Then last March, a South East roofing specialist was bought for £6.5 million and last June and October, two clay materials’ specialists for £5 million and £12 million – mainly in bricks and tiles, respectively.
Clay looks sensible given its demand may be supported by higher-quality builds, hence also sustain margin.
Yet it is hard to avoid a sense that Brickability got busy expanding during a boom period – at the top of the market – which has seen end-September net debt rise to over £27 million. The interim net finance expense has more than trebled to £2.2 million, which is low versus £18 million operating profit (before depreciation etc) but – together with a low stock price – probably limits scope for much further expansion in a recession, when acquisition prices may become keener.
Return to Go essentially says Show us the Money
De-rating the stock near its flotation price, Mr Market is wary of what lies ahead given there is no comparator for how this group performed over the 2009 recession, having founded just six years ago.
If forecasts are fair, the prospective price/earnings (PE) ratio is only around 6.5x and the yield approaches 5% covered over thrice by earnings. Obviously, there were enticing housebuilder yields last summer, now cut.
Looking to Ibstock (LSE:IBST) as a comparator, at 164p it offers a 5%-plus yield covered twice by expected earnings, on a 10x PE. Again, this £640 million and quite similar group only floated in 2015 hence no recession performance to see.
It is also a manufacturer rather than Brickability as distributor, hence I would flag Ibstock for greater takeover prospects if its stock festers, given another company might seek vertical integration.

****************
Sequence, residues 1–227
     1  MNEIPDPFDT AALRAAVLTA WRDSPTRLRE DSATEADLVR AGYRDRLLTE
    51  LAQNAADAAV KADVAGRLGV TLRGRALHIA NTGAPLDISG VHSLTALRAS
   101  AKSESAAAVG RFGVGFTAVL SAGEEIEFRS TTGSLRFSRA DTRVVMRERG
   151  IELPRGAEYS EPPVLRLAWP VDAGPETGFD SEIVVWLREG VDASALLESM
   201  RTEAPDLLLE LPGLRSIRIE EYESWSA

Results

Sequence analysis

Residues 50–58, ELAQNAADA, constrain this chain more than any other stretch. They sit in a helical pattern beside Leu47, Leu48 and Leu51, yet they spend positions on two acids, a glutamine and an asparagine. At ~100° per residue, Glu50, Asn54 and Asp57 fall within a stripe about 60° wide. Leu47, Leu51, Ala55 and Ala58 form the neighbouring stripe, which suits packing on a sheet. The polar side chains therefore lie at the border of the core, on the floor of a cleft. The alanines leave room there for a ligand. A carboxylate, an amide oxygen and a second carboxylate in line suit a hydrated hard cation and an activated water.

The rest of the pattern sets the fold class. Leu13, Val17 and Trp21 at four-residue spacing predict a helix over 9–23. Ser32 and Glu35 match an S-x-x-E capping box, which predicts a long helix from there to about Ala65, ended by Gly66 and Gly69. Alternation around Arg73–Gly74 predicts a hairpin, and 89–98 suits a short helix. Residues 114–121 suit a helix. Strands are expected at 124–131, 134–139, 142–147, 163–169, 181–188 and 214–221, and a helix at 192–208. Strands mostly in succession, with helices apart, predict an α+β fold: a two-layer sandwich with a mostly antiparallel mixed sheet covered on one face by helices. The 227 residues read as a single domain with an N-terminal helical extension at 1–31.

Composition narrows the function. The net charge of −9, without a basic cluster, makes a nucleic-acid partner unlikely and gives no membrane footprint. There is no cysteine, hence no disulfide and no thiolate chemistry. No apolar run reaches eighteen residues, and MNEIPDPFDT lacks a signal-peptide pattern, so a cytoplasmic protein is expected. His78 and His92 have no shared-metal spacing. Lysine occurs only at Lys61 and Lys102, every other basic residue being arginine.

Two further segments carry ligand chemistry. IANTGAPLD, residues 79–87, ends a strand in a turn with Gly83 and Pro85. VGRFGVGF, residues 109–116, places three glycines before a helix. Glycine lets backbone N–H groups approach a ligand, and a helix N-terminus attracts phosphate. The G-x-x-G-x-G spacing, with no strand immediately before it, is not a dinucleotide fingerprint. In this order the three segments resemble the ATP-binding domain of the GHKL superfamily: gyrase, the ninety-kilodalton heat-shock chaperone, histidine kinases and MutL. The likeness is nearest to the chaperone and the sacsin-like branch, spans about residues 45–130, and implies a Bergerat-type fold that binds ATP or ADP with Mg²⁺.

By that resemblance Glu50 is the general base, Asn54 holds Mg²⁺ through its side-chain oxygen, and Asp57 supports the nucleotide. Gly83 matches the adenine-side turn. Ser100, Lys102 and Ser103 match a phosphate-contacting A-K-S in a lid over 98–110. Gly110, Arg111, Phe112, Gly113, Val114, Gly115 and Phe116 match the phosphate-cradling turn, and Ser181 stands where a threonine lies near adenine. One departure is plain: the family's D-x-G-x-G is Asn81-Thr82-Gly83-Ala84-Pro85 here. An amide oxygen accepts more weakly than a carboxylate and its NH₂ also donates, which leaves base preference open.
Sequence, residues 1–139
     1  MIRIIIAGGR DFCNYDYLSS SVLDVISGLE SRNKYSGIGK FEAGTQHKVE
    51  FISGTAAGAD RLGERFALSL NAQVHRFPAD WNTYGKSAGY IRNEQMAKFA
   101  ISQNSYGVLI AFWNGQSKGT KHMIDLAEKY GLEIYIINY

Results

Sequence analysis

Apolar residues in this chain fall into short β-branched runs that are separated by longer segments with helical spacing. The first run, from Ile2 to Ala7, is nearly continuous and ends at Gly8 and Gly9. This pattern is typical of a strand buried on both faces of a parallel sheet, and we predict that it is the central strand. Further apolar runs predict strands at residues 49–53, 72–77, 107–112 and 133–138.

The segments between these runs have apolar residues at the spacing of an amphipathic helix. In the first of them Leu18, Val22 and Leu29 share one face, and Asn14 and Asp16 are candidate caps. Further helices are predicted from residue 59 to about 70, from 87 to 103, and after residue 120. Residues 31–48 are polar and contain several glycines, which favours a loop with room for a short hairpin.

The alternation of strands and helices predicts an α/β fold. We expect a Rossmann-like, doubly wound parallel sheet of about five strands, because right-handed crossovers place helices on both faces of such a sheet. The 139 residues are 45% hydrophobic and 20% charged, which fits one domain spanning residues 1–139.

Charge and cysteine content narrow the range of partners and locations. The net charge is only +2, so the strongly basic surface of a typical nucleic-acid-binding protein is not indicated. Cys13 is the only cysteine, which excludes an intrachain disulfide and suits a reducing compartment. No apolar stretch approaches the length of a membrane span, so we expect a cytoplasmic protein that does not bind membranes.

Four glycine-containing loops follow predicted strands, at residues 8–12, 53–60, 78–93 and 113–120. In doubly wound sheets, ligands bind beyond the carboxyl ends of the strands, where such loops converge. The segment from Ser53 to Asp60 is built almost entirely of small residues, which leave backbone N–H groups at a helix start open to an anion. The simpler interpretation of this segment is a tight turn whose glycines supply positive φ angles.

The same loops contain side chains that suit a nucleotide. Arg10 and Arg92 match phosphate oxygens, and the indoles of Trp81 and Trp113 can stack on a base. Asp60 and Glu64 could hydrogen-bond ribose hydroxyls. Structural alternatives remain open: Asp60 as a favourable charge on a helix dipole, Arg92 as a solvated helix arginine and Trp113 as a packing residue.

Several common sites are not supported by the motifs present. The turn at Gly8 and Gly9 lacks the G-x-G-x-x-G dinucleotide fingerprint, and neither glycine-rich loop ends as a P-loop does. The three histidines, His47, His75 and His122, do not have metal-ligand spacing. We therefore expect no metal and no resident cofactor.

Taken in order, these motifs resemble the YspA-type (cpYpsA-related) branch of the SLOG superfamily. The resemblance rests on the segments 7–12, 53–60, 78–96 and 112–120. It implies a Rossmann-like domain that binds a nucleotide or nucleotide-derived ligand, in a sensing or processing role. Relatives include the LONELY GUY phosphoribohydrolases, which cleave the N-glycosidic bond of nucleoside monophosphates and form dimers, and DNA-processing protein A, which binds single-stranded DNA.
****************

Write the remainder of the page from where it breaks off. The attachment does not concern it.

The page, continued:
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Only 21% of Ibstock’s 111p a share, net assets, constitutes intangibles, whereas they represent virtually all Brickability’s 54p a share, net assets value (NAV). This will reflect acquisition values for service type businesses Brickability has acquired, being asset light.
Mind, therefore, what prop exists for Brickability over a recession is its yield; the market can increase this figure simply by lowering price.
Management says order intake remains strong, but as I have regularly pointed out, higher interest/mortgage rates need time to have effect. A return to government austerity bodes less well for that aspect of infrastructure spending.
I still like Brickability given its well-executed acquisitions strategy has long-term logic. The group hardly looks over-stretched like some cyclicals I saw implode during the early 1990s recession.
Directors retain material shareholdings but there was material selling – nearly £40 million worth – by 10 insiders at 95p in June 2021. That now looks a sensible hedging of exposure when institutional demand existed near a cyclical top.
Director and institutional buying, more recently
If director trading here is astute, well, one of those sellers bought back £100,000 worth at 81p last July.
And on 15 November, Octopus Investments – the largest manager of venture capital trusts - raised its stake from 16% to 17%. This is notable given Octopus was already “locked in” to a relatively illiquid stock, which implies high conviction long-term – otherwise adding just when the economy is turning down is especially risky.
Like much else cyclical, the decision reduces to timing. Do you wait for the chart to establish a floor and bad news to manifest? Or take a steady averaging-in approach, given much bad news appears discounted?
I prefer Brickability’s track record over Ibstock’s (helping explain that stock’s discount to a 190p flotation, seven years ago).
Has enough changed since a “buy” rating a year ago, to warrant downgrading? Well, yes, the economy, yet pricing may reflect that.
This morning’s light stock trading appears to show no buys only sells, hence take care, the technical position hardly implies a rise soon. You might feel you want to see more directors re-purchase.
Perhaps one should diversify also one’s stock ratings, not wait for all to manifest bad news. Buy.
Edmond Jackson is a freelance contributor and not a direct employee of interactive investor.